Whelanís had a cosmetic counter that fascinated me in my preteen years. Each week of the year I took my Christmas Club Savings Book to the First National Bank to deposit my 25 cents. The teller tore out a coupon and marked each deposit on the stub. One Christmas I went to Whelanís to spend my Christmas Club Savings on an elegant set of Evening in Paris toiletries for my mother. I fell in love with the midnight blue and the white sateen lining the box . What dreams of glamour the set evoked! Another Christmas I went to Whelanís to buy her a gleaming gold-toned brush and mirror set that I was sure was like the one on the Queen of Englandís dresser!

It was an exciting season. When I was growing up in Newport News, stores closed everyday at 6:00. At some point in time, they began to stay open on Friday nights until 9:00 but that was about it. The holiday season was different! The Christmas parade signaled the start of the later closing hours. Stores stayed open late, and it was exciting to go to Washington Avenue to see the Christmas lights and the displays in Nachmanís big glass show windows. Crowds of shoppers thronged the streets.

There was a store on Huntington Avenue near 34th Street or so, I think,  that had all sorts of fascinating toys for kids and was a favorite place of mine during the holiday shopping season. I canít remember if it was a Western Auto Store.  Santa Claus was either at Nachmanís or Montgomery Ward. I donít remember if he was at both stores or if he was at one store and then in later years moved to the other. I do remember going to Montgomery Wardís basement to see Santa. He looked so much the part that I was convinced he was the absolute, real guy that lived at the North Pole.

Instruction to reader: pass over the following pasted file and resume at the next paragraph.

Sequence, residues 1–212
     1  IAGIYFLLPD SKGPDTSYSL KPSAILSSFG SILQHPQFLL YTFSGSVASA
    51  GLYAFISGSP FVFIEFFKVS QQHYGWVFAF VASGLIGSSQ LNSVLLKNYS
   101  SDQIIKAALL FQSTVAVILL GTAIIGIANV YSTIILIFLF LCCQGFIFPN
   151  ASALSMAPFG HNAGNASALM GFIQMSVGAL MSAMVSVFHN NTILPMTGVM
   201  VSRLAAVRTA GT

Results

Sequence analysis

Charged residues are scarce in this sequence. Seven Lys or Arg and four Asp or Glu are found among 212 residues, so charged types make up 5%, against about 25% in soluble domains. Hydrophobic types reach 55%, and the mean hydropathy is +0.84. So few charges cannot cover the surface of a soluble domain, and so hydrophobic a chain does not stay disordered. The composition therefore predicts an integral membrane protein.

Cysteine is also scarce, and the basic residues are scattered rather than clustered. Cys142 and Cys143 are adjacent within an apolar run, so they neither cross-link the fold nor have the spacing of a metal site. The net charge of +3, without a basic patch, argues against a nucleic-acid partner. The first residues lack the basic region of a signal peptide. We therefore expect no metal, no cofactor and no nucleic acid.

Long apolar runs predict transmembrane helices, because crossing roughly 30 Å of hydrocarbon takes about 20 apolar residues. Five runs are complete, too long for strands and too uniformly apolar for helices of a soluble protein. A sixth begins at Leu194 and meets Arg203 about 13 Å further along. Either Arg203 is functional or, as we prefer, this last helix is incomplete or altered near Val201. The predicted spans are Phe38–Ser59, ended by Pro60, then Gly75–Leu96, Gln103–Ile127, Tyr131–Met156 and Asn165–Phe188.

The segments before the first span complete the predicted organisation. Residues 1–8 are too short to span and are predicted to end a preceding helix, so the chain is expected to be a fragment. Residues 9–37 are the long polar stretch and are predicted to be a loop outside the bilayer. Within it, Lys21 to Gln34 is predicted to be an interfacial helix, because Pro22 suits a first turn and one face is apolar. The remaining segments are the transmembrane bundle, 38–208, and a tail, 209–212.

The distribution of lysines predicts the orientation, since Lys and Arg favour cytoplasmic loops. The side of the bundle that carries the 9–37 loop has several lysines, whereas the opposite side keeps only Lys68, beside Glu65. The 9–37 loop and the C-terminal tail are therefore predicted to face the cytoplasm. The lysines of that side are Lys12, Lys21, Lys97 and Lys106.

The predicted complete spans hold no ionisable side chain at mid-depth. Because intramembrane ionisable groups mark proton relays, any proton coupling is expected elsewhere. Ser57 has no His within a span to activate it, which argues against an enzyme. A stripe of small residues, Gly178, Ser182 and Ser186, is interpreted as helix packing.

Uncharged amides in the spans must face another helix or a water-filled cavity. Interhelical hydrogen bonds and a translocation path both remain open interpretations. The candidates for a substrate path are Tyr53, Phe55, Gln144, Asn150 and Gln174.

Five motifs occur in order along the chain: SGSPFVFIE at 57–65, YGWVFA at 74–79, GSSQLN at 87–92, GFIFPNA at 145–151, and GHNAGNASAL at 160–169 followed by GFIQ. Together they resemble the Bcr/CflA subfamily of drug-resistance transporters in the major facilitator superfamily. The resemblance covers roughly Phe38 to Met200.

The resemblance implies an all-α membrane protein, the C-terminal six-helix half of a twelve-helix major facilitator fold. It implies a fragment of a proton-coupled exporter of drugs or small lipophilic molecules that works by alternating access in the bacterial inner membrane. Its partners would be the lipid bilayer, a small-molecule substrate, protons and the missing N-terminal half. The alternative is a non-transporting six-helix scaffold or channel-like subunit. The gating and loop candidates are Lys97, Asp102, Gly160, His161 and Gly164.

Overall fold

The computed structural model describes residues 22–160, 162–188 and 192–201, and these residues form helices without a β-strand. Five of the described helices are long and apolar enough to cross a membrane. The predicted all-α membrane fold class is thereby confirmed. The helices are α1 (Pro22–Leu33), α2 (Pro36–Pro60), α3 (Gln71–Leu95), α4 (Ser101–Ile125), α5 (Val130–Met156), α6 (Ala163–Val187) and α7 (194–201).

My mental image of Santa was formed by the Coca Cola calendars on the wall of Samís market. Sam was an elderly man who wore a cap all the time and ran a small fruit and vegetable place on the side of 32nd Street opposite Nachmanís, just below Washington Avenue. He was located near Mrs. Foxís candy store. Cheneyís Studio was in that same area. Mrs. Fox had great candy that I think she made. The reward that most motivated me was candy from Mrs. Foxís. Anyway, Samís Coca Cola calendars of Santa Claus formed my ideas of what Santa looked like and the Santa at Montgomery Ward looked just like that to my eyes.

Newport News also had parades during Fire Prevention Week and Armed Forces Week. I am sending two more pictures from parades. Iím not sure which parade the picture of the fire truck is from, maybe a Fire Prevention Week parade?  In that picture you can make out the sign for Tops Grill. I canít remember exactly which block that was in and could not figure out from the City Directory Pages on the website here. Iíll try again another time. The photo of the people watching a parade I would guess is from an Armed Forces Day parade judging from the dress of the bystanders, for that parade was held in May. I think the crowd there is standing in front of Woolworthís.